And then, of course, there is this reality: given what has been in the papers and dominated the election in 2013, the kind of tough, stop-influence-peddling-as-usual ethics reform package is going to be a political necessity. That isn’t going to sit well with a lot of General Assembly members who may fell it is an indirect admission of things not being all that right in Richmond.

    THEREFORE: Having a GOP incumbent and his Democratic successor jointly get behind this kind of reform has to be a real WIN-WIN-WIN all around. It gives McDonnell a way to leave on a high note, and it gives McAuliffe a way to come in taking the high ground. It will smooth the way for the best possible package and it will be seen not as a knock on anyone but as a positive all around.

    The “play” would work this way. McDonnell and McAuliffe would jointly announce a bipartisan group of folks to draft a package of reform proposals by December 15. The two guys would meet and agree on what they want by December 22. Then their key legal/legislative folks would get the bill drafters at the GA to write the new proposed laws. Thus, by the time the GA convenes, the heavy lifting would be done. The new bill would then be passed and ready for the new Governor to sign as his first piece of legislation.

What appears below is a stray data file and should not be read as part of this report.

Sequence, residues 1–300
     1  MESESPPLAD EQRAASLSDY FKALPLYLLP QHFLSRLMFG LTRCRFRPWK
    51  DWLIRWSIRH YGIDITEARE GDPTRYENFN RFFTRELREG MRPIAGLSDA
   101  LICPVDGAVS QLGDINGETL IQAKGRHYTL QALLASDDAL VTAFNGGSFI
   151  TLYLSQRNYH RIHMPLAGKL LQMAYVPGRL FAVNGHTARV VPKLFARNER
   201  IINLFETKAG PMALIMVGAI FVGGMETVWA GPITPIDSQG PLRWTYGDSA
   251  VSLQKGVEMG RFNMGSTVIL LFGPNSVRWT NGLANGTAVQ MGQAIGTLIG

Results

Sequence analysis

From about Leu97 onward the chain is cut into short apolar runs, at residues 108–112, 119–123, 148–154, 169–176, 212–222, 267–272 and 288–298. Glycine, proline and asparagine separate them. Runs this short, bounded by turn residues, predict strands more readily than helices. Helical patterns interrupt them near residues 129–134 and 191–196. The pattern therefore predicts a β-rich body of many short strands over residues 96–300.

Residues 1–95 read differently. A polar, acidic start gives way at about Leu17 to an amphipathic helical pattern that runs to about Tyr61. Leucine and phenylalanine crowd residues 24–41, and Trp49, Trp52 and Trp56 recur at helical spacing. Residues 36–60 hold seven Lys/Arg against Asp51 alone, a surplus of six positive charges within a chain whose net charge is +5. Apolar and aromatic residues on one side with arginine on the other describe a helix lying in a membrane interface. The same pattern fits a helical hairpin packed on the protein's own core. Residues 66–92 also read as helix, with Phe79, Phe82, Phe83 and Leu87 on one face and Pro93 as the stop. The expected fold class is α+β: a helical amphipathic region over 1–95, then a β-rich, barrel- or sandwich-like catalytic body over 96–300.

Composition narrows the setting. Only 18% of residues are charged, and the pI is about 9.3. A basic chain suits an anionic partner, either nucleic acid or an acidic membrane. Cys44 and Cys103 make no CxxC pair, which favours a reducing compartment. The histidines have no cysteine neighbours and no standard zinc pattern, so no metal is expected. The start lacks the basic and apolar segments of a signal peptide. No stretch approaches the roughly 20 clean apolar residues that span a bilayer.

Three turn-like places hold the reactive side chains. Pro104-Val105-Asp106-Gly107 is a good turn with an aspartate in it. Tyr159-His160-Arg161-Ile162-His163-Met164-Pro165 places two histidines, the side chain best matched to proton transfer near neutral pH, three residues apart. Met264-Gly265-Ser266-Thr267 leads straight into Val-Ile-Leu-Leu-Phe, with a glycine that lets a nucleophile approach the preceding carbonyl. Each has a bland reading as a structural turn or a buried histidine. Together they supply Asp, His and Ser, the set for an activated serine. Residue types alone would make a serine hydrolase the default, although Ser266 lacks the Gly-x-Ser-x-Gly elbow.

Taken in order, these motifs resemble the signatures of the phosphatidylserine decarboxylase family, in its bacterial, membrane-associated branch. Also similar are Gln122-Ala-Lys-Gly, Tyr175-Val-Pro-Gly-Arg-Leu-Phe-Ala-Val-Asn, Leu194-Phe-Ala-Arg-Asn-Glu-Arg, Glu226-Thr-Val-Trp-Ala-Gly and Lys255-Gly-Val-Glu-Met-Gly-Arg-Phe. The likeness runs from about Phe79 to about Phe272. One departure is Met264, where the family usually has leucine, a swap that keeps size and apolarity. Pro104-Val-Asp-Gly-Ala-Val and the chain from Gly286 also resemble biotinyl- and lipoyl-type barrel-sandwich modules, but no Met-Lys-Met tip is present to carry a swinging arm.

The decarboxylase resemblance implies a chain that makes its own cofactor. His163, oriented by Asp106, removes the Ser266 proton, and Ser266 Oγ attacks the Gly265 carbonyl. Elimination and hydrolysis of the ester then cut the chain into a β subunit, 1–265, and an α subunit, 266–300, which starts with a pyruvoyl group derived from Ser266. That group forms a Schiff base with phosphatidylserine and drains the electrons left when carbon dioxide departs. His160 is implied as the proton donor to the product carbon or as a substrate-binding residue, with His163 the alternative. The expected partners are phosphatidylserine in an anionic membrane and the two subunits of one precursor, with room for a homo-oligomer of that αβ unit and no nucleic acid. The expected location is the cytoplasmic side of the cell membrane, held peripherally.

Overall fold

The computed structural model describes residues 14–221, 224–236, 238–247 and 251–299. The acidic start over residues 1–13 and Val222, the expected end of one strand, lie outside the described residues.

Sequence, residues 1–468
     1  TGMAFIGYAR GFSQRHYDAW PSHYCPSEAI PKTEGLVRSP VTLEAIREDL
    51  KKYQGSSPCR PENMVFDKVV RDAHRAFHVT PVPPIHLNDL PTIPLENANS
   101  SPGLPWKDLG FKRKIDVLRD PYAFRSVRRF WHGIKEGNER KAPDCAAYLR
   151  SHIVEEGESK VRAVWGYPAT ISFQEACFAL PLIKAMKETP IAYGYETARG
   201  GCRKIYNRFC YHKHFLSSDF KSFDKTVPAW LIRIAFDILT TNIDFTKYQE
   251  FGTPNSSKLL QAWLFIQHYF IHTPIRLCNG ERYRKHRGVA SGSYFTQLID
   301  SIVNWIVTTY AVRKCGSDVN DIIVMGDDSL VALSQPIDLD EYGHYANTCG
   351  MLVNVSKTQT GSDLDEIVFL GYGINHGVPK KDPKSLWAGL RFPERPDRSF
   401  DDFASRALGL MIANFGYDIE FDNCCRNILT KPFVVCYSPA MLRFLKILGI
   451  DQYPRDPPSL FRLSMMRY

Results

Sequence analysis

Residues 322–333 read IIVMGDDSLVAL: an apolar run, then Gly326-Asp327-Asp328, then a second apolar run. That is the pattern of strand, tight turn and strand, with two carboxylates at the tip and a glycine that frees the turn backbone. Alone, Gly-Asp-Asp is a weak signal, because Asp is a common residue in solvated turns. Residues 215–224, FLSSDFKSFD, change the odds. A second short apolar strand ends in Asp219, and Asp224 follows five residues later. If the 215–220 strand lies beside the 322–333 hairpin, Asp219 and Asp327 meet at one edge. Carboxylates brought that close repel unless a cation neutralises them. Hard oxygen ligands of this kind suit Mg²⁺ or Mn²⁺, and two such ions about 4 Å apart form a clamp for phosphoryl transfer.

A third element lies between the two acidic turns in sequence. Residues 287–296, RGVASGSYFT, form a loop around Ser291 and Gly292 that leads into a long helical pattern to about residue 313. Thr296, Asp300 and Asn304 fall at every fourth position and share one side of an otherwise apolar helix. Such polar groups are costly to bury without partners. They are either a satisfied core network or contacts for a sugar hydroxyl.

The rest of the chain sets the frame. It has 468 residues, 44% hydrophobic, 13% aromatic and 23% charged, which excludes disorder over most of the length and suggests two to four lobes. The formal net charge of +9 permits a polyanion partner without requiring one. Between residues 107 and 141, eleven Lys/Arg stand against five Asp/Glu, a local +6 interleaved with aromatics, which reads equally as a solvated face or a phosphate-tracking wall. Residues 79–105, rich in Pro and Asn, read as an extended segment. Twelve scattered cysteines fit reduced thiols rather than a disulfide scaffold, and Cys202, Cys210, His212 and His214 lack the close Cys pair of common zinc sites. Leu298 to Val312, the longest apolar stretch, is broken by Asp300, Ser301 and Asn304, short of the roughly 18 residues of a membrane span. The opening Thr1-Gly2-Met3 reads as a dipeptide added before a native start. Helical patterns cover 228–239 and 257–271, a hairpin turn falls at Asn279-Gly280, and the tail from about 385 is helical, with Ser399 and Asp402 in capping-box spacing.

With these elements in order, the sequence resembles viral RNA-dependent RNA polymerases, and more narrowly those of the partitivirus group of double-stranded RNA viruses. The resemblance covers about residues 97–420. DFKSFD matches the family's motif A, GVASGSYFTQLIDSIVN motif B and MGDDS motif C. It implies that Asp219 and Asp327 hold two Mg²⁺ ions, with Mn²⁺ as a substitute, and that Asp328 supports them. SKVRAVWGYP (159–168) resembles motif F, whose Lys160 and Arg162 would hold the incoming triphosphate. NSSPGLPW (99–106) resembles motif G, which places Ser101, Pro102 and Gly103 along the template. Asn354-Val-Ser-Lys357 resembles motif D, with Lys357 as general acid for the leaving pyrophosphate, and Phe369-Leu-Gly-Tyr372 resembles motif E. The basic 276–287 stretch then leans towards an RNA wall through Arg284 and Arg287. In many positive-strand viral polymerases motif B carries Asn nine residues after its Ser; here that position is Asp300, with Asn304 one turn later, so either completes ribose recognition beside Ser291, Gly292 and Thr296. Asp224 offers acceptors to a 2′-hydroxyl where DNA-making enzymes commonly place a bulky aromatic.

Years ago, I had a fumble pop into my hands at our goal line. I was playing defensive back, and I could run fast – which was good, since getting tackled was no fun for a little guy. 102 yards later, I got me a TD, no Wrong Way Roy Riegels here, only one way to go, straight down the field. Never ran the 100 faster. No end zone dance though,

    The point being: Sometimes you get lucky and things pop into your hands. Given that you will fumble a lot too, then the easy scores simply have to be converted to make up for the turnovers. McDonnell and McAuliffe took a lot of knocks in 2013, and there may yet be more coming. That’s life. But they can start off 2014 with a big partisan win, for themselves and for the rest of us, by simply picking up the ball and running to daylight as Coach Lombardi would say.